Oak Barrel Aging Tips

Oak Barrels Can Have An Intense Effect On WineWhen aging your wine in an oak barrel, there are a few things to remember. This oak barrel aging tips and tricks can greatly change the outcome of your wine and how it tastes.

If you are using a new oak barrel for the first time, taste often. Oak can seep into wine quickly, changing the taste. Until you’ve used your oak barrel a few times, it is a good idea to keep a close eye on it.

One of the oak barrel aging tips is to watch the temperature that you keep your oak barrels in. You need to keep your oak barrels at a constant temperature year round. For example, if you store your barrels in the cellar the temperatures may soar during the summertime if you do not have proper insulation. This will cause a quicker extraction of the oak and will greatly alter the taste.

Also with new barrels, watch the level. New barrels will often absorb more wine in the beginning of the process than older barrels. You may need to add more each week, then once a month. Keep in mind that the size of your barrel and the temperature you keep your barrels in will also affect the levels.

Most wineries now use a silicone bung. Not only are they cheaper but it provides a tighter seal on the wine. Traditional wood bungs are good to use as well but could potentially spoil and ruin your batch of wine. If you do choose to use a silicone bung, make sure it is a breathable bung. Wooden bungs naturally allow gas to escape when needed. This is needed when a barrel expands in volume under rising temperatures.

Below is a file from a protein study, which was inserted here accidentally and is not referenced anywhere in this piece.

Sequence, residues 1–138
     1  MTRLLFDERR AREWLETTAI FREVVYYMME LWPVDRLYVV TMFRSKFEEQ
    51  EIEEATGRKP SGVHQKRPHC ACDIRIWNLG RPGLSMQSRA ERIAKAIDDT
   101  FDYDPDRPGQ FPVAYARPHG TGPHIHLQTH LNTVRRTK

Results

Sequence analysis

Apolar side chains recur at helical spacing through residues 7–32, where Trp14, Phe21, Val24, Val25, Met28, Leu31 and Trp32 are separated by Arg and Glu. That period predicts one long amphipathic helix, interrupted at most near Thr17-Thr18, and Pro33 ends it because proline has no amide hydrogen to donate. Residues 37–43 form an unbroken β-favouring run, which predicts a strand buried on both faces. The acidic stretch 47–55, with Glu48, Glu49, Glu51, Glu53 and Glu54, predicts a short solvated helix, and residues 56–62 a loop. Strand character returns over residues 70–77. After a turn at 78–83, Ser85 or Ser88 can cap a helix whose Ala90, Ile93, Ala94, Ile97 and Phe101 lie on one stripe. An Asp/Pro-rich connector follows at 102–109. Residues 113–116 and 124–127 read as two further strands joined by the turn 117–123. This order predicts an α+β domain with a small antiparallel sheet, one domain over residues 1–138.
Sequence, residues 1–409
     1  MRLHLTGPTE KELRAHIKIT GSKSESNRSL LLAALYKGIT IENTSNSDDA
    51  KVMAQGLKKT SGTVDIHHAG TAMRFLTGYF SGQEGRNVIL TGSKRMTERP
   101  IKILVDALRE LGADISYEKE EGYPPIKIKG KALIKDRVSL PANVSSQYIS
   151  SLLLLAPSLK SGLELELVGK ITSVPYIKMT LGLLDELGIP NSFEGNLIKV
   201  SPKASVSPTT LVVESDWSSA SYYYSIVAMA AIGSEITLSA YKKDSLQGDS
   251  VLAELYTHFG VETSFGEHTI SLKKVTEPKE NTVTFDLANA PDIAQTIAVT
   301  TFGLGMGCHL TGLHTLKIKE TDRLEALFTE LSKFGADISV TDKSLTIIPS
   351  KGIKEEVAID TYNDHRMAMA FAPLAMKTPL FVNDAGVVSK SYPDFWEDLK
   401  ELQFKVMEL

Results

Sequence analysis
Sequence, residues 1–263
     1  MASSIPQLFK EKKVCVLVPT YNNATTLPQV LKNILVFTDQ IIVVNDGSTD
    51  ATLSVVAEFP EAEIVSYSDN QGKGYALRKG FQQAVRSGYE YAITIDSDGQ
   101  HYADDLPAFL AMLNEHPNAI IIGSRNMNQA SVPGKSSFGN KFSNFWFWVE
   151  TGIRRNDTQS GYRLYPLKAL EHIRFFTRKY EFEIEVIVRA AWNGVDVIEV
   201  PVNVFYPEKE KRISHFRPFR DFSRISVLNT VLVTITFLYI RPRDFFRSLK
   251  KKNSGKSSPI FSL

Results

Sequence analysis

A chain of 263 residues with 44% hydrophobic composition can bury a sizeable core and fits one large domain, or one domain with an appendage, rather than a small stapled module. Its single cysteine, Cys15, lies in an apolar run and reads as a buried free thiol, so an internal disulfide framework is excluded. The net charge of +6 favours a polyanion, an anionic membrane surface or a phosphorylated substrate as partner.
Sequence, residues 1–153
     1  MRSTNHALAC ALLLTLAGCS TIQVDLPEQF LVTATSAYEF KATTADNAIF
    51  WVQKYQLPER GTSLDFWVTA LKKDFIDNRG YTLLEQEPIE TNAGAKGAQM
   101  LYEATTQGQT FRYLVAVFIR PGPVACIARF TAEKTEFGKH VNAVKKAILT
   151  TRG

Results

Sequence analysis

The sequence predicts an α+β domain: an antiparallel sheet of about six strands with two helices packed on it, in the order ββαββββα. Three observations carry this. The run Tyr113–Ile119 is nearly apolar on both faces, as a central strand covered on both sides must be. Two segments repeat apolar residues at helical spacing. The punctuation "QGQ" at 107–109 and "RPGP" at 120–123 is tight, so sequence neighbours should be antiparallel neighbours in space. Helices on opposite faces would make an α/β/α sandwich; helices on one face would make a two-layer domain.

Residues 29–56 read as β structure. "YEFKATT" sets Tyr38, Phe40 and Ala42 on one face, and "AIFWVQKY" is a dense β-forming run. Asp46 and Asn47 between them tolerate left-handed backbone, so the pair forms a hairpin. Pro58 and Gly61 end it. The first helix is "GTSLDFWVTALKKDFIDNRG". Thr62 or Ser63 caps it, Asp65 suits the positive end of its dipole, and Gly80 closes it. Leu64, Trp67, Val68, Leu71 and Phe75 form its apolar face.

Another one of our oak barrel aging tips is that you should set a schedule of racking every three months. If you filtered your wine, you can rack less. Always use hot water to clean out leftover deposits and always rinse with cold water. This will help you keep your oak barrels in good condition for years to come.

Pay attention to the levels of SO2, this is one of the most important oak barrel aging tips. If you plan to use oak barrels to age your wine, it is smart to invest in a device to measure the levels of SO2. While stainless steel barrels don’t allow much oxygen in, it can maintain SO2 levels better. An oak barrel will allow oxygen in through its walls. This may make SO2 levels fall much quicker. At least four times a year you should check the levels of SO2 in your oak barrels.

To avoid hydrogen sulfide problems, here’s another one of our oak barrel aging tips. You need to know the history of the oak barrel. If sulfur was burned inside the barrel during storage, you need to thoroughly clean out the barrel.